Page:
In the end, it was a dream that pushed Duke to the top of his list. One day, Banks took the advice of his mother, went into his room, closed the door and prayed. In a dream, Banks said he saw himself wearing a blue and white Duke uniform.
His decision to attend Duke came as a surprise to others.
“The only thing I knew about Duke was that it was in the ACC and it was in North Carolina,” said Clarence “Eggy” Tillman, Banks’ frontcourt mate at West Philadelphia High. “I was very happy for him. I knew it was a very big decision that had been on his mind.”
While North Carolina and North Carolina State enjoyed success in recruiting African-American players, Duke was behind the trend. C.B. Claiborne was the first black basketball player at Duke. He arrived in 1965 on a “grant-in-aid” and played on the varsity squad from 1967 to 1969.
The first African-American player at Duke with a basketball scholarship was Don Blackman. He arrived in 1968 and played on the varsity squad in 1970 but eventually transferred. Willie Hodge, Edgar Burch, Rick Gomez, George Moses, Ken Young and Harold Morrison all played on the Duke varsity team before Banks and starting point guard John Harrell, a transfer from North Carolina Central, entered the school in September 1977.
“There weren’t many blacks [on campus], but it was a small and significant group of blacks,” said Banks, who earned a degree in history and gave the commencement speech at graduation. “I had to achieve in order for others of my race [to achieve].”
In 1978, Banks was named the ACC Rookie of the Year and helped Duke reach the NCAA championship game. His aggressive and instinctive play helped change the image of Duke basketball. He did things on the court that previously hadn’t been seen at Cameron Indoor Stadium. He was the first Duke freshman to record a triple-double.
During his Duke career, he averaged 16.8 points and 7.9 rebounds per game, earned first-team All-ACC honors as a senior and second-team honors his first three seasons, and was a two-time All-American. He also was voted team MVP three times.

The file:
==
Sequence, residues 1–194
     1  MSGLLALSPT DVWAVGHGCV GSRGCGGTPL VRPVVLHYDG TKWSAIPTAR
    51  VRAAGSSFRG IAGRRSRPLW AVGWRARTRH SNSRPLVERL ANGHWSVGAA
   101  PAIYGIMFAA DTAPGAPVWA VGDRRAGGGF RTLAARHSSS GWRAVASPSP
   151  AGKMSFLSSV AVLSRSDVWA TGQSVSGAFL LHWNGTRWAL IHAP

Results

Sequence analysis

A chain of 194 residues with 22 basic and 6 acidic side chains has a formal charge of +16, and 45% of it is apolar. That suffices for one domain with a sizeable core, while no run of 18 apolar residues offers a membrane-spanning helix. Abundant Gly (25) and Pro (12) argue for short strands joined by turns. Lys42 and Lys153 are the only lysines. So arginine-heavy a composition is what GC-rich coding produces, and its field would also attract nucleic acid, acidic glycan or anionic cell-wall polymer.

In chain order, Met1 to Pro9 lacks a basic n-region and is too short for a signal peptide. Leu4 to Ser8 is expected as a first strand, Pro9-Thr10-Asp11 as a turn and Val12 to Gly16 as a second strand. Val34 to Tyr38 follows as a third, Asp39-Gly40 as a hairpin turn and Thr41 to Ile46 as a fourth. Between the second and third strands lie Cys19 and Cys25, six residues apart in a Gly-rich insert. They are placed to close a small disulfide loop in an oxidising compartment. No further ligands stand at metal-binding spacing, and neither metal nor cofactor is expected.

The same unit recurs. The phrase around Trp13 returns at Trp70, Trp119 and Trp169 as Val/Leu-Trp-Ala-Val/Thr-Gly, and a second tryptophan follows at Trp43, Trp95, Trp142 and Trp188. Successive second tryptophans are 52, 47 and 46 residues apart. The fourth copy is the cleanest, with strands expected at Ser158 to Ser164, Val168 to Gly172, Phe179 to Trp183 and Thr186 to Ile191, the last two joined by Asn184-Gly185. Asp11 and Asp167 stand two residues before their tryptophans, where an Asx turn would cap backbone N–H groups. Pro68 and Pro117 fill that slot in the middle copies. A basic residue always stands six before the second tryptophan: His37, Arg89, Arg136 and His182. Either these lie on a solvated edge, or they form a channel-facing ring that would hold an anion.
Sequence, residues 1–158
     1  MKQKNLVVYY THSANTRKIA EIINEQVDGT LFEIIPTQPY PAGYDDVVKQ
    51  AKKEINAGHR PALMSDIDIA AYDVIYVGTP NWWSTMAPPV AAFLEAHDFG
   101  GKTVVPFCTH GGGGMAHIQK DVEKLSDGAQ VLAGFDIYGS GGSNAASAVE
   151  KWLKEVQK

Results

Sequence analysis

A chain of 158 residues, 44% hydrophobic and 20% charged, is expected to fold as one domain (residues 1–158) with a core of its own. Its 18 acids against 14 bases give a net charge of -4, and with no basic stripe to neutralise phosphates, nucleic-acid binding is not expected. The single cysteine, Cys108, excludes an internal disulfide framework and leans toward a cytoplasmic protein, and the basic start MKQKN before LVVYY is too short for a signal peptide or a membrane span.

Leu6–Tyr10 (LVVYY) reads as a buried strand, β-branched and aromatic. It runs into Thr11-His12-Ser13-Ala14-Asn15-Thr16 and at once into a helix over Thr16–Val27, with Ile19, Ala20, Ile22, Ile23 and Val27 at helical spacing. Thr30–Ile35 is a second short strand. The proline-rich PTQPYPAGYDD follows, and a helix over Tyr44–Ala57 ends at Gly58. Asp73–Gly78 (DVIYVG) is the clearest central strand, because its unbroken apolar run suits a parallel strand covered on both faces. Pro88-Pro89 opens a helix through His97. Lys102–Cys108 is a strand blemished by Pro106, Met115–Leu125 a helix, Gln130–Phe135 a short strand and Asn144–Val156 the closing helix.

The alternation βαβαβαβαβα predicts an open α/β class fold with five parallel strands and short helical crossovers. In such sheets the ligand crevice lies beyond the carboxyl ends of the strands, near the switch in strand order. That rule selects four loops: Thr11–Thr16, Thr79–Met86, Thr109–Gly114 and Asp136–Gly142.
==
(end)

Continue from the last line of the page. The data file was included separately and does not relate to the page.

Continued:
Banks, who went on to play six seasons in the NBA and served three seasons as an assistant coach with the Washington Wizards, began a trend at Duke.
“Gene was a tremendous player and one of the more significant figures in Duke basketball history,” said Harvard head coach Tommy Amaker, a former McDonald’s All American who starred at Duke. “He helped energize and transform the Duke program with his commitment and decision to go there.”
Banks still keeps up with the Blue Devils and remains an ardent supporter.
“It’s a different era now,” said Banks, who was recently named the new director of basketball for Olympia Sports Camp in Muskoka, Ontario. “When I’m around them when I attend a few games, I feel welcomed. It’s home, and I’m a big part of what Duke University has become. I realize that. Of course I’m a lot closer to older [past] players, but the younger ones give me respect. I’m OK with that.
“They’ve got a lot of talent. Coach K has those guys playing very well and as a team. They have an opportunity to have a fantastic season. This could be very special.”
Banks, meanwhile, appreciates his special place in Duke history.
“When you are going through it, you don’t think about making history or being a pioneer,” said Banks. “I wanted to go to Duke and I wanted to make a difference.”
|Player||Year Named McDonald’s All American|
|Boozer, Jr., Carlos||1999|
|Dunleavy, Jr., Michael||1999|
|Ingram, Brandon X.||2015|
|Carter, Jr., Wendell||2017|
|Trent, Jr., Gary||2017|